Picking the Point of View for Your Story
Point of view is the narrated perspective that a story is being told from.
When you’re picking your point of view for your story, you’re determining the perspective from which your readers will take in your story as well as the relationship they are going to have with it.
The relationship between the reader and the story is going to directly impact how believable your world is for your reader and how close they get to be to that world and the story itself.
Since the point of view determines the reader's relationship, the most important question to ask yourself is — how close do you want that relationship to be?
There are different types of points of view to consider when you’re writing a story. Often times the type of story you are writing is what is going to be the determining factor of your point of view — though it’s not the one you necessarily have to choose.
It’s your story, you can do whatever you want.
For example, fiction stories are predominately told from the first-person perspective but that doesn’t mean you can’t tell the story from the second or third point of view.
The First Person point of view is telling the story from the perspective of one character, giving the reader all of the story information filtered through this single character's thoughts, emotions, and bias.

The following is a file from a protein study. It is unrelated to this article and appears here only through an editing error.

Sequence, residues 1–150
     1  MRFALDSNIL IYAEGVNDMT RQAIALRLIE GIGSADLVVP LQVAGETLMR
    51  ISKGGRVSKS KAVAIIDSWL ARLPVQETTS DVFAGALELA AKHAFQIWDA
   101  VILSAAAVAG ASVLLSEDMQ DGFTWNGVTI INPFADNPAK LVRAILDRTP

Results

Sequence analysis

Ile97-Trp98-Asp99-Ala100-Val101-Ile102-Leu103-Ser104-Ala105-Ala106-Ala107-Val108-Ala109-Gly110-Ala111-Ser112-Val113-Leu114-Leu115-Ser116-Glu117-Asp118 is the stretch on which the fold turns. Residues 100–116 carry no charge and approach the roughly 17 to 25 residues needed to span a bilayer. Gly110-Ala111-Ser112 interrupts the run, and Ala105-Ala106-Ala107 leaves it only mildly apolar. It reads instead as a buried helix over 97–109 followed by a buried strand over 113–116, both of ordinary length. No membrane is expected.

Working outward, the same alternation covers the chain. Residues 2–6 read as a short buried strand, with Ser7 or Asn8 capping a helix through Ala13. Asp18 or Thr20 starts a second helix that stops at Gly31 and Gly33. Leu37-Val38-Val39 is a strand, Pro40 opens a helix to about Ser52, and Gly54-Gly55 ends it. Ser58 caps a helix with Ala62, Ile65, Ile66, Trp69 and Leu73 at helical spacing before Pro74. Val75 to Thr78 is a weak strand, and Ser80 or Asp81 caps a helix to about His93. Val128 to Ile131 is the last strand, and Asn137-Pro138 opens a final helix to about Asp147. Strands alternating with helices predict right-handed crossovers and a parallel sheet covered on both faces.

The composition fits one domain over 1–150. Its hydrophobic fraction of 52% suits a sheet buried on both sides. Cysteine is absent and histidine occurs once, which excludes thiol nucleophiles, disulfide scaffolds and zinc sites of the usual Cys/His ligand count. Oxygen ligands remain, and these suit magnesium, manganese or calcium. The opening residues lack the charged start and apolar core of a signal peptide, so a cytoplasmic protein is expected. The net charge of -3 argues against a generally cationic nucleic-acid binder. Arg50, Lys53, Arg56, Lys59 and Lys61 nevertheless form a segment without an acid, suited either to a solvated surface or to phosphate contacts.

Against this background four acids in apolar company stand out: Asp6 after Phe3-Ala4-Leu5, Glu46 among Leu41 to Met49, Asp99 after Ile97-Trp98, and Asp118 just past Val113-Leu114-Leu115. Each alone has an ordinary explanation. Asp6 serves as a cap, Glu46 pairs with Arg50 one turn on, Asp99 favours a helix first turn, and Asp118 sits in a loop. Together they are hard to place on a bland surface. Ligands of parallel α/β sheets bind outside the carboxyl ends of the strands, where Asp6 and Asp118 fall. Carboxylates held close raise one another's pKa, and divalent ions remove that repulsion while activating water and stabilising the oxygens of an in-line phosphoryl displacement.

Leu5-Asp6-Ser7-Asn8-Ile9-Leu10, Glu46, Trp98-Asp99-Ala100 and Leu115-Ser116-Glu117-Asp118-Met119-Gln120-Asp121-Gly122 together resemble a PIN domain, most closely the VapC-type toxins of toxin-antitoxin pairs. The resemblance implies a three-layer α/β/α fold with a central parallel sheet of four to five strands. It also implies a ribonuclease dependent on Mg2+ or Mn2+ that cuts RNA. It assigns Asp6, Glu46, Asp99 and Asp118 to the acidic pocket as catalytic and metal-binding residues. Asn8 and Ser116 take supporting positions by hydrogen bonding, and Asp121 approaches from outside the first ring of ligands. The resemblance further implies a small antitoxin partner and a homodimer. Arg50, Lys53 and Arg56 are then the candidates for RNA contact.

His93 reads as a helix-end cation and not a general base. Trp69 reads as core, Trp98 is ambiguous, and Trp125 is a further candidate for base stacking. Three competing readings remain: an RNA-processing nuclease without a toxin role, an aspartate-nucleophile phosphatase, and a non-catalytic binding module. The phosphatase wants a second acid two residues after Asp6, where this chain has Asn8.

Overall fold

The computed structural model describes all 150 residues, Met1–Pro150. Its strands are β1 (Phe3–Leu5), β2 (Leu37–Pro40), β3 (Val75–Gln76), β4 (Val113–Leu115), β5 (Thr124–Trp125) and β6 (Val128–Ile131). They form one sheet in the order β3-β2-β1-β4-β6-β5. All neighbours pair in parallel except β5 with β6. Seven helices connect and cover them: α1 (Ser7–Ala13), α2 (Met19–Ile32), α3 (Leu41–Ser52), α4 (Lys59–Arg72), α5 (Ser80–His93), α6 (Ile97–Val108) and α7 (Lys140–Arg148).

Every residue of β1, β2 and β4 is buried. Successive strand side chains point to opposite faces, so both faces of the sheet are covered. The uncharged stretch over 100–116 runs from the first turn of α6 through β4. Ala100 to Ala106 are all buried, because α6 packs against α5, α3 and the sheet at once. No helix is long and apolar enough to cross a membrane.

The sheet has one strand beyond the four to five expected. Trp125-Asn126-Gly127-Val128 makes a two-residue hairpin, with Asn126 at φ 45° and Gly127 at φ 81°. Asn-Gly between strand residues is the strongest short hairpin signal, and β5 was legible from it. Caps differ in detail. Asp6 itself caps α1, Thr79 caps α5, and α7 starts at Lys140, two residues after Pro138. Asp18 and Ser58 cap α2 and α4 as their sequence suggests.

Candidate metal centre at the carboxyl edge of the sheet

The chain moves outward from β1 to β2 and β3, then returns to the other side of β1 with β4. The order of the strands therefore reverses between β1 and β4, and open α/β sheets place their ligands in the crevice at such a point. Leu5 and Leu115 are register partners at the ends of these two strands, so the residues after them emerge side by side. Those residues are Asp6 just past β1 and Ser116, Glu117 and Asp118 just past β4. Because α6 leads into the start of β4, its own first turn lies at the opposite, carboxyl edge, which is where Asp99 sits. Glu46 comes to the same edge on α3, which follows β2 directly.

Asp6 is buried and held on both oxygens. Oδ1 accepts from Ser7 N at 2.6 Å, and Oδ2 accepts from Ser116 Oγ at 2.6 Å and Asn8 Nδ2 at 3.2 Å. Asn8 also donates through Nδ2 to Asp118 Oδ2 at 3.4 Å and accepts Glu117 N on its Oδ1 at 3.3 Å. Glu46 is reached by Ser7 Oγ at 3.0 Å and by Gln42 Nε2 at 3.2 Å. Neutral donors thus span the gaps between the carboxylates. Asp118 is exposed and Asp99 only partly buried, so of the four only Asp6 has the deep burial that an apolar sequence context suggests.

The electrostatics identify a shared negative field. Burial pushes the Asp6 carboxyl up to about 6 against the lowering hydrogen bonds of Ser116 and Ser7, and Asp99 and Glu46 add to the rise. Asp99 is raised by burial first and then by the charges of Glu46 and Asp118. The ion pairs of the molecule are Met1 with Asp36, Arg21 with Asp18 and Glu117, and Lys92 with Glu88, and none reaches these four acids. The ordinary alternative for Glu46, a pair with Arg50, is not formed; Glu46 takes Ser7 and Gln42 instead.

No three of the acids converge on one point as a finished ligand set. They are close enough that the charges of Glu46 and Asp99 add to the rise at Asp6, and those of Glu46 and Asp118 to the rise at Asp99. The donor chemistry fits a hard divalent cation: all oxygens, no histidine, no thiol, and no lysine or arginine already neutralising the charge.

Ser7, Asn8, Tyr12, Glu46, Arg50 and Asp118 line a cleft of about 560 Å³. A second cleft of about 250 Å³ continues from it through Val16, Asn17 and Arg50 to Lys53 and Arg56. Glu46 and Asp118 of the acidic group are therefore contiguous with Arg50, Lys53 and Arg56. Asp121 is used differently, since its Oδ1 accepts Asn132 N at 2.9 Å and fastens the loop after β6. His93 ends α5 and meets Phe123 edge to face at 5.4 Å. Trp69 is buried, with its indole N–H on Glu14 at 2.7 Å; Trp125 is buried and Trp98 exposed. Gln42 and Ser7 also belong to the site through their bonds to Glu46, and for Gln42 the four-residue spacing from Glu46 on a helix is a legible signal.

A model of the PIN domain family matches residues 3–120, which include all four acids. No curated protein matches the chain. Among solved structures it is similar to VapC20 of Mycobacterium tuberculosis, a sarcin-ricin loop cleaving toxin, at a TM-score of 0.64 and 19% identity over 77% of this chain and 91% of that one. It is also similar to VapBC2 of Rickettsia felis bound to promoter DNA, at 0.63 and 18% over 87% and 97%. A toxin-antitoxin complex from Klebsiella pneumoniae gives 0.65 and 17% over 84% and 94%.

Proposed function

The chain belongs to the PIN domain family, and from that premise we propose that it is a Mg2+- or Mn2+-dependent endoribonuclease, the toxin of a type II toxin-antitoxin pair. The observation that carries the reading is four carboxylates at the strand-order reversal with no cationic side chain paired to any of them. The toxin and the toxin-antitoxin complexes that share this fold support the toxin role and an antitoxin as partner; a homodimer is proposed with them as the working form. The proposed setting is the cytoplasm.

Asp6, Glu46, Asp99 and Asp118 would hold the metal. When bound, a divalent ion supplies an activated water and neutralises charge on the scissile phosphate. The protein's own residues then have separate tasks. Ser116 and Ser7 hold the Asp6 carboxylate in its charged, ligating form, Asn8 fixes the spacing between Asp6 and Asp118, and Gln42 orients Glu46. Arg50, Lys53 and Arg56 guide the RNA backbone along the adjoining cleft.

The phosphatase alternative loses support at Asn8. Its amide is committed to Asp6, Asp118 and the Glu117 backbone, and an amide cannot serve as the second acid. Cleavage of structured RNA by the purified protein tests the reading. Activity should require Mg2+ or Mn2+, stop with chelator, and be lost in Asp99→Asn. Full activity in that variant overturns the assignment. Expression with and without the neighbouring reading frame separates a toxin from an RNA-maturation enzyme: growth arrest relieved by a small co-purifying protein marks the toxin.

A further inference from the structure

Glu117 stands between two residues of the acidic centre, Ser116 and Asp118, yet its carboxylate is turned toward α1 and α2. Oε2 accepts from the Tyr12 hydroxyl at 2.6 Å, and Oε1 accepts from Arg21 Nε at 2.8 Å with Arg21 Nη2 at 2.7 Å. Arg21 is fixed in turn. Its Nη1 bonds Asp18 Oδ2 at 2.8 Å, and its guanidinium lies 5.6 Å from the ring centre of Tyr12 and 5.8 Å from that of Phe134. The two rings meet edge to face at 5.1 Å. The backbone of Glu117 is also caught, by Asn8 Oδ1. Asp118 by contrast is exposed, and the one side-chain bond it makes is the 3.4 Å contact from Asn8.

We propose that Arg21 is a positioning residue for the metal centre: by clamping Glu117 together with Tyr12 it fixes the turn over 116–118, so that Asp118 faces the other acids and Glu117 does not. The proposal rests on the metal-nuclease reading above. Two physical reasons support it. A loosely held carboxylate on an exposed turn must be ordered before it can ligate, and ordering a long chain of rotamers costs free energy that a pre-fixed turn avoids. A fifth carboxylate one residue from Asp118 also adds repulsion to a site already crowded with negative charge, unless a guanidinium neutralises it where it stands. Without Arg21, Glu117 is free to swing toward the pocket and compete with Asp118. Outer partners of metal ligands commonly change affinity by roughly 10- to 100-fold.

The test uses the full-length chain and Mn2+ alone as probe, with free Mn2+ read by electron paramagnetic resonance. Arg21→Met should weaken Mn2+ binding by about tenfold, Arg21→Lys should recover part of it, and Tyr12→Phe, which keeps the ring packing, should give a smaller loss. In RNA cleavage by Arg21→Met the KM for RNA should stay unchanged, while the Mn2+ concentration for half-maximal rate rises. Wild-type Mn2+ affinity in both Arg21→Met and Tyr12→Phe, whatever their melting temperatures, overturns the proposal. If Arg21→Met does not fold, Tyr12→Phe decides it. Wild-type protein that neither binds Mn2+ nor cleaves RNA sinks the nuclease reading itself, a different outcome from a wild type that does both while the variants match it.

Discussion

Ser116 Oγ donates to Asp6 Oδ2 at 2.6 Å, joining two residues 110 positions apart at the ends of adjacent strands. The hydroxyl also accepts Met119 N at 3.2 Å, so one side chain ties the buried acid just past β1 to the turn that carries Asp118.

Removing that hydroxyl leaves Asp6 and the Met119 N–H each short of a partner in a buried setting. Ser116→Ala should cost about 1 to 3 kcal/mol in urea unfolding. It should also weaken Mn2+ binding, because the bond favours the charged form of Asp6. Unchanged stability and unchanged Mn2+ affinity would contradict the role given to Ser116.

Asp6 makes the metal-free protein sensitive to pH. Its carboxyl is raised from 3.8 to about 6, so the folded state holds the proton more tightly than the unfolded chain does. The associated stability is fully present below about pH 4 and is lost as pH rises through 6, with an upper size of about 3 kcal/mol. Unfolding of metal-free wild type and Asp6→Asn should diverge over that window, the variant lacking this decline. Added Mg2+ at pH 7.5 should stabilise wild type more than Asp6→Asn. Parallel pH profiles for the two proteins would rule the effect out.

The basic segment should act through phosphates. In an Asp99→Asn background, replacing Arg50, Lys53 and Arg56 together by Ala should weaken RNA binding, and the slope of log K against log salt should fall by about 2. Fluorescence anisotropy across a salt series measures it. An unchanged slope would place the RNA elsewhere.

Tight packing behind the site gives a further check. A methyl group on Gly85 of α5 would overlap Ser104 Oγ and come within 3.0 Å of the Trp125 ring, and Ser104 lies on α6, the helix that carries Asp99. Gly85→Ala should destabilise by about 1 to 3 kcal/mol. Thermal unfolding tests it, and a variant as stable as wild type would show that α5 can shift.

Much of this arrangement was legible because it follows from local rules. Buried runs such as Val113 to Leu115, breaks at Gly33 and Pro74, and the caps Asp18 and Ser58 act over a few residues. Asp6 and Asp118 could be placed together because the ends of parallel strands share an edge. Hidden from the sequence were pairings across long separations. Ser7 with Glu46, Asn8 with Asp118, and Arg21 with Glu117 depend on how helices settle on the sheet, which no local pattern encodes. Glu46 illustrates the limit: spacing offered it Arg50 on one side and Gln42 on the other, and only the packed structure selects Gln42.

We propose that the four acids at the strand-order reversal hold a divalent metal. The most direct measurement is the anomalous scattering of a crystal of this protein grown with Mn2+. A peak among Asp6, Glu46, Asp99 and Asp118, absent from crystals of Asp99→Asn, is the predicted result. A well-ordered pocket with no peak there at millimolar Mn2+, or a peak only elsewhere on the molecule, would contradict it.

The reader will experience the story only as the character does with the same information the character has at any given time.
It’s a narrative point of view easily identified by its use of the pronouns “I,” “We”, & “My”, filtering the story through this character's internal filters.
The Second Person point of view tells the story in a way that pulls the reader into the story, using pronouns like “You”, and “Your” to insert the reader into the events. It’s a perspective most commonly found in non-fiction writing and is used to make the reader feel like the protagonist of the story and make it more personal.
Just because it’s not commonly seen in fiction work does not take it off the table of options for you if you’re writing a fiction novel. N.K. Jemisin did it in Emergency Skin and The Fifth Season to immerse the reader into her world and make it personal to the reader.
The Third Person point of view comes with a decision between omniscient and limited.
The omniscient third-person narrative is an all-knowing narrator that has a birds-eye view of all of the characters and events and has a peek inside of everyone's head about everything happening all of the time. I like to think of this narrative perspective as the “all-seeing one”.
Limited third person is the narrator that only knows a few things about one character at a time. I think of this one as the “guardian angel” of perspective. The reader gets the story from the point of view of a single character but isn’t tied to the bias of that character and it allows the reader to take in information that the character doesn’t pick up on or won’t allow themselves to acknowledge.